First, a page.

- Out now
As a Christmas gift, Pixar released their newest animated feature, Soul, on Disney+ on 25th December. The film opens by introducing Joe Gardner: a middle school musician aiming to become a famous musician in the jazz world. To his surprise, he gets the opportunity to play in a successful band; however, on his way home, he has an accident and dies. He starts an adventure to get back to his life before his death as his ‘soul’ enters the afterlife universe. The rules require him to make a choice: to ‘cross to the other side’ to end his life completely, or alternatively become a mentor to a soul named ‘22’ that has yet to be born into a body to help it find its purpose.
During an attempt to get Joe back to his body something goes wrong that leads to 22 having Joe’s body instead of his own. During this time we witness how the unborn soul appreciates the smallest details in life such as a leaf flying from a tree, or enjoying a tasty meal. Through the experiences of 22 in Joe’s body, we, the audience, are given time to reflect on times in our own lives when we haven’t been appreciative of ordinary moments. As you might have gathered, this film tries to cater to a more mature audience than most Pixar features, aiming to bring to the fore questions about the meaning of life and the nature of the soul.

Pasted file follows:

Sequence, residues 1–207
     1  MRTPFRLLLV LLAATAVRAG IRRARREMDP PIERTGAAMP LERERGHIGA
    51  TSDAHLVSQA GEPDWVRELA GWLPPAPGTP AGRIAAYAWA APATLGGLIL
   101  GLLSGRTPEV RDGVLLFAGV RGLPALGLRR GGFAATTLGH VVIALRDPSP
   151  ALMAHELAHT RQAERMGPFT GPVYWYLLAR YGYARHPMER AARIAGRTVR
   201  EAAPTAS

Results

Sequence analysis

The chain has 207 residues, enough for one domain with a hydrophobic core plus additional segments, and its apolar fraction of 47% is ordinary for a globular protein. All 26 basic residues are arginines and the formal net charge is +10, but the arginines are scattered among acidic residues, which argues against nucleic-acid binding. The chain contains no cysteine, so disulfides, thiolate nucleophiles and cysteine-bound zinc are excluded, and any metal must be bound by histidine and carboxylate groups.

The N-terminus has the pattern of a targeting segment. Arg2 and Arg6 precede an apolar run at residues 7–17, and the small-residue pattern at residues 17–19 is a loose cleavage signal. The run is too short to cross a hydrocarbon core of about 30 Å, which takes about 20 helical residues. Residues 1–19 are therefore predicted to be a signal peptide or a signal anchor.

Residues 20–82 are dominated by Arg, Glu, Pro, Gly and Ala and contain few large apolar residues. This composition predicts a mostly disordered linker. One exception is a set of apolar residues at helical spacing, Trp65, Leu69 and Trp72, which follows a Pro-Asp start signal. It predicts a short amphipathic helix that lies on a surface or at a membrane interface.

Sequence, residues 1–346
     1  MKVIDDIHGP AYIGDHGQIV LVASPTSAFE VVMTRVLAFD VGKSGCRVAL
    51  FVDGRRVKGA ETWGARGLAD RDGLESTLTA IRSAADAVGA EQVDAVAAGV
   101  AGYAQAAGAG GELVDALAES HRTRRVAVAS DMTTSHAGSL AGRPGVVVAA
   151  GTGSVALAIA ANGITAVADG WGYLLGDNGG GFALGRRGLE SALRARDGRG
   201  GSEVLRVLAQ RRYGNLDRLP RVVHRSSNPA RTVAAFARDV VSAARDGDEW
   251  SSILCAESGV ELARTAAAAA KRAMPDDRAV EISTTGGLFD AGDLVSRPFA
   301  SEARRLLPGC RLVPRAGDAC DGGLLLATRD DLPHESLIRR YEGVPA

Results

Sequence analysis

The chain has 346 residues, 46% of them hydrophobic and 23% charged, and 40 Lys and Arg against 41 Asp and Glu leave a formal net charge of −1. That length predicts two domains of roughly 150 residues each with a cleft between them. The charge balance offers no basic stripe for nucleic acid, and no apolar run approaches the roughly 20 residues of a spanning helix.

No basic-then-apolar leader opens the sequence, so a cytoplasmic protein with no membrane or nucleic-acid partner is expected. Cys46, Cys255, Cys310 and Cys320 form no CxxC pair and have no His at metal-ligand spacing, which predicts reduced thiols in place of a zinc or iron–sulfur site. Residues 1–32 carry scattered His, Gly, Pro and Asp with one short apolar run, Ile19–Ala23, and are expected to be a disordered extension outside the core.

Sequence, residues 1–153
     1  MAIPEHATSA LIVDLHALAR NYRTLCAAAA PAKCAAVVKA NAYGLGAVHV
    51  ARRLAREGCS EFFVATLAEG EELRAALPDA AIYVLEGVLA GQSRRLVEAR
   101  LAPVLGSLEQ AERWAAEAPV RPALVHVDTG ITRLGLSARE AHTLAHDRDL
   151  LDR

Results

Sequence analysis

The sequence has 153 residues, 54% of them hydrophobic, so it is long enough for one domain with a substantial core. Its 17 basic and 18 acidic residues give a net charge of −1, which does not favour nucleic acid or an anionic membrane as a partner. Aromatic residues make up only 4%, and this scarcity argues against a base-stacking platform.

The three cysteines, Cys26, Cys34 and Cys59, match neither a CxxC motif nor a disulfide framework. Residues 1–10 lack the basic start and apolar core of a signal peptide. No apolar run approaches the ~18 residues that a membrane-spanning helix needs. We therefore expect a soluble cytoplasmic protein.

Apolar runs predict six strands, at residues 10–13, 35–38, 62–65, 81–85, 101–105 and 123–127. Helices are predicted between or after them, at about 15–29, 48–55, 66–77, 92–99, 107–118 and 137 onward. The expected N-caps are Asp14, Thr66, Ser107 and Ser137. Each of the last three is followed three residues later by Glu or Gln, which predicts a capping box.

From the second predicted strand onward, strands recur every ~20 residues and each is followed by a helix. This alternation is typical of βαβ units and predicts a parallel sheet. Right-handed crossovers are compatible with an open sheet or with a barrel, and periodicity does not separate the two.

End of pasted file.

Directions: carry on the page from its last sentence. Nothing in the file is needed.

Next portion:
In addition, the importance of the incredible animations and music must not be forgotten; without them Soul wouldn’t be as emotional or outstanding as it is. It certainly seems like Pixar and Disney aren’t scared to explicitly tackle important topics in philosophy, despite such subject matters demanding more from audiences. Soul serves as the most recent addition to this new pursuit—following in the footsteps of films like Coco and Inside Out. If you get the chance, Soul is definitely worth watching, even more so after the recent knocks our social lives have taken due to the pandemic.